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How to calculate this integral?

$$\int \frac{e^{2x}+2}{e^x+1}dx$$

I have tried various substitions such as: $t = e^x, t = e^x + 1, t = e^x +2, t = e^{2x}$ and none seem to work.

According to wolframalpha I can simplify this expression into:

$$\frac{e^{2x}+2}{e^x +1} = e^x + \frac{3}{e^x+1} - 1$$

And then it'd be rather simple. But still no idea how to decompose it like that.

Any tips?

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  • $\begingroup$ What goes wrong with $t=e^x$? $\endgroup$ – Angina Seng Mar 11 '19 at 18:29
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\begin{align} \frac{e^{2x}+2}{e^x +1}&=\frac{(e^{x})^2+2e^x+1-2e^x+1}{e^x +1}\\ &=\frac{(e^x+1)^2-2e^x+1}{e^x +1}\\ &=e^x+1+\frac {-2e^x-2+3}{e^x +1}\\ &=e^x+1-2+\frac {3}{e^x +1}\\ &=e^x + \frac{3}{e^x+1} - 1 \end{align}

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$$\int \frac{e^{2x}+2}{e^x+1}dx$$ Applying $u=e^x\implies dx=\frac{du}{u}$ gives the following integral $$\int \frac{u^2+2}{u+1}\frac{du}{u}=\int \frac{u^2+2}{u(u+1)}du$$ Using partial fraction decomposition gives $$\frac{u^2+2}{u(u+1)}=-\frac3{u + 1} + \frac2u + 1$$ Hence the integral becomes $$\int (-\frac3{u + 1} + \frac2u + 1)du=-3\ln{(u+1)}+2\ln{(u)}+u+C$$ $$=-3\ln{(e^x+1)}+2\ln{(e^x)}+e^x+C$$ $$=-3\ln{(e^x+1)}+e^x+2x+C$$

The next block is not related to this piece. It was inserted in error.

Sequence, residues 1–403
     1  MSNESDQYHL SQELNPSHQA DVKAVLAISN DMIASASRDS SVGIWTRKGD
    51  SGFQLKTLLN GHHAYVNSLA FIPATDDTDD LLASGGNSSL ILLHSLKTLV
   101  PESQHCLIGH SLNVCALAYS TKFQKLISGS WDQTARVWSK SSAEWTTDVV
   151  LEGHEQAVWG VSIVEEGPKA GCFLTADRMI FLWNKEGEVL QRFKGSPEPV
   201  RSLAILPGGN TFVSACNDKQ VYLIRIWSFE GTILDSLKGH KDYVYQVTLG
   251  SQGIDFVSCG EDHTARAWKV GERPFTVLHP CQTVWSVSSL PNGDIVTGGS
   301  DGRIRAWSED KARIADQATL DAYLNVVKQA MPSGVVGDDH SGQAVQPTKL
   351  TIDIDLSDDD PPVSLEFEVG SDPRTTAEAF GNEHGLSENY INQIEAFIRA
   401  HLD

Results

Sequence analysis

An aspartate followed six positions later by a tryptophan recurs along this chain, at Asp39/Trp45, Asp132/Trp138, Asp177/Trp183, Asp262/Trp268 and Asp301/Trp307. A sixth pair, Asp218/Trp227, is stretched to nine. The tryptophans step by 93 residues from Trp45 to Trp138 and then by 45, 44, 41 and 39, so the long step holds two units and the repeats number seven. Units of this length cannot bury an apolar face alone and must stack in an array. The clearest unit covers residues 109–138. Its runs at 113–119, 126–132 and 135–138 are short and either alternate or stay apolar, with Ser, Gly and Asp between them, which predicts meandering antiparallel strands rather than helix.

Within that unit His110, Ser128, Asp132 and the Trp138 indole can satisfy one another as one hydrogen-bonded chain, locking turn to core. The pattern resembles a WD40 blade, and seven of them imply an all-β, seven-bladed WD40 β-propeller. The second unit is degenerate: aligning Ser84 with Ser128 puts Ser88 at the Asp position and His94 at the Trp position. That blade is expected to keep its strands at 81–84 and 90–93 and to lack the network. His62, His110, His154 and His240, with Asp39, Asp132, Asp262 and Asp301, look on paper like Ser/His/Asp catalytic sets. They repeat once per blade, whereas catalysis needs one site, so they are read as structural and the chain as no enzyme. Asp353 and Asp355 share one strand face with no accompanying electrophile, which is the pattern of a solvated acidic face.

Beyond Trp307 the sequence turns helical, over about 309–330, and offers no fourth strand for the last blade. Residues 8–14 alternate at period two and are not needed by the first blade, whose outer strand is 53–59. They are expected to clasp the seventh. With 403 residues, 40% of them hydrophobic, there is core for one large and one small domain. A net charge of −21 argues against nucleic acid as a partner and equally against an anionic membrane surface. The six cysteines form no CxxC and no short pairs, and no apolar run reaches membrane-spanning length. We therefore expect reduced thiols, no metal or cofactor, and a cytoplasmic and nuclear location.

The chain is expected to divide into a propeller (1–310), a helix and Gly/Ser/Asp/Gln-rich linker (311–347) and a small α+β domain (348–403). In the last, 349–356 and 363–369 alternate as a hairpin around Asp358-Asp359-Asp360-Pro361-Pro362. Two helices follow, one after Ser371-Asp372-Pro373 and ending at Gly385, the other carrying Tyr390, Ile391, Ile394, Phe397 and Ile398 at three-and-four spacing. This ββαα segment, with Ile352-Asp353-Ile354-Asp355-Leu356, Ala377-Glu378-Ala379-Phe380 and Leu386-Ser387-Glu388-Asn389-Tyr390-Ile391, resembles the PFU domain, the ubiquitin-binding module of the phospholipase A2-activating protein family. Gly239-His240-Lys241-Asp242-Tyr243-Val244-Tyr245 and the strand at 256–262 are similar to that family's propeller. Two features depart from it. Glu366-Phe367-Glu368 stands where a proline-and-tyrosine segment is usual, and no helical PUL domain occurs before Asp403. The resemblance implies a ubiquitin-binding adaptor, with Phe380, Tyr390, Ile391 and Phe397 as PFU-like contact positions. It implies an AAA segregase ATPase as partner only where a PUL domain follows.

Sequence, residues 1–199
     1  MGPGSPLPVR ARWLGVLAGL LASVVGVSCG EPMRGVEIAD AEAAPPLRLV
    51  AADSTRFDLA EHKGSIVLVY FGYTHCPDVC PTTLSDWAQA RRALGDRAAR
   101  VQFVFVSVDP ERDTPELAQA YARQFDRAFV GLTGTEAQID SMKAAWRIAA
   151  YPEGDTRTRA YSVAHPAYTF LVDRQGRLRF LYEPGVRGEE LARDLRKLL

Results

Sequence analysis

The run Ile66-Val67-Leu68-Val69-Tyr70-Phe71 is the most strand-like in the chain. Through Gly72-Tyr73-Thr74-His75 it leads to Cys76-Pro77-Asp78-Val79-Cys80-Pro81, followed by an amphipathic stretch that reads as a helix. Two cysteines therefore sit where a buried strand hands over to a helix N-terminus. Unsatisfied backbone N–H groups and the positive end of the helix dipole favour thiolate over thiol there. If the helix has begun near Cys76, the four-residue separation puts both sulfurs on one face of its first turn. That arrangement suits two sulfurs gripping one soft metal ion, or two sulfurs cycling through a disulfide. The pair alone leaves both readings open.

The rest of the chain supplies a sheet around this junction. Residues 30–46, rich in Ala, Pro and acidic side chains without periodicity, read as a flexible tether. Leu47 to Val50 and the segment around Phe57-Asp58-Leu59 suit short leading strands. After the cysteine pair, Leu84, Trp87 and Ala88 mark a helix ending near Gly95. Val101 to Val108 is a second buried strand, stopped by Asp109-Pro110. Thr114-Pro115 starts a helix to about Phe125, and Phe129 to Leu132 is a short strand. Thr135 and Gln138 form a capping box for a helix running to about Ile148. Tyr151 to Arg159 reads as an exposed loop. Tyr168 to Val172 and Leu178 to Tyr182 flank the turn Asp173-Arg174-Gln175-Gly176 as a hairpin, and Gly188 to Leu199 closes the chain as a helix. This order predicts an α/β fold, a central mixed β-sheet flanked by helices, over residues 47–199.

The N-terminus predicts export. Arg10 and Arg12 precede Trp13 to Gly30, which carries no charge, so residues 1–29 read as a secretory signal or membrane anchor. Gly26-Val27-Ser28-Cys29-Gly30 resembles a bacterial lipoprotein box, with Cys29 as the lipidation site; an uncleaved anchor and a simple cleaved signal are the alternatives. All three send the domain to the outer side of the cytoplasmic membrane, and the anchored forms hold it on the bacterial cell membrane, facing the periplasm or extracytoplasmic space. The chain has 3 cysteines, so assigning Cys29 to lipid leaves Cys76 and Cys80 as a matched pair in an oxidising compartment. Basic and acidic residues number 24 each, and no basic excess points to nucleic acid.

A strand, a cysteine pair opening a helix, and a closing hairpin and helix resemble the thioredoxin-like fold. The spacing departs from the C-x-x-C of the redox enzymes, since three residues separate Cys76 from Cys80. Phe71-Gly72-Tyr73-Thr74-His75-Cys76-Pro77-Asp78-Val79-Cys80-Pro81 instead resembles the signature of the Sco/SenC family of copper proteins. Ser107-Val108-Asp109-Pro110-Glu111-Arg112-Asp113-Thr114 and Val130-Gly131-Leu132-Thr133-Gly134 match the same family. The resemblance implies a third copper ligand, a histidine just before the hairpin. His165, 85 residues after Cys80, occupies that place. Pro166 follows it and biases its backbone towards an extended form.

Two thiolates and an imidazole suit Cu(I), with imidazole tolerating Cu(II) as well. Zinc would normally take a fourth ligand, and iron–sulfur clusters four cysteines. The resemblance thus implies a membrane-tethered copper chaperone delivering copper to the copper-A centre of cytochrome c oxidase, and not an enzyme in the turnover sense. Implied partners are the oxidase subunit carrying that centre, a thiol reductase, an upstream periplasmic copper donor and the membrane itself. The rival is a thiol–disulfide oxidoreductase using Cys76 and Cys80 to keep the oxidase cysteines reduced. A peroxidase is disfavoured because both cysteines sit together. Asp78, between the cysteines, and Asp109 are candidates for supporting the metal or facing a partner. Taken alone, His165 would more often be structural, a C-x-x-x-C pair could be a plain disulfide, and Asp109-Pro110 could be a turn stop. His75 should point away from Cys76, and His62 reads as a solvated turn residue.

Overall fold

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For the last integral you can substitute$$\int\frac{1}{e^x+1}dx$$ $$t=e^x+1$$ and $$dt=e^xdx=(t-1)dx$$ or $$dx=\frac{1}{t-1}dt$$

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  • $\begingroup$ Still, no idea how to get to that point. Wolframalpha simplified that expression for me. $\endgroup$ – weno Mar 11 '19 at 18:35
  • $\begingroup$ But i have all written for you! $\endgroup$ – Dr. Sonnhard Graubner Mar 11 '19 at 18:53

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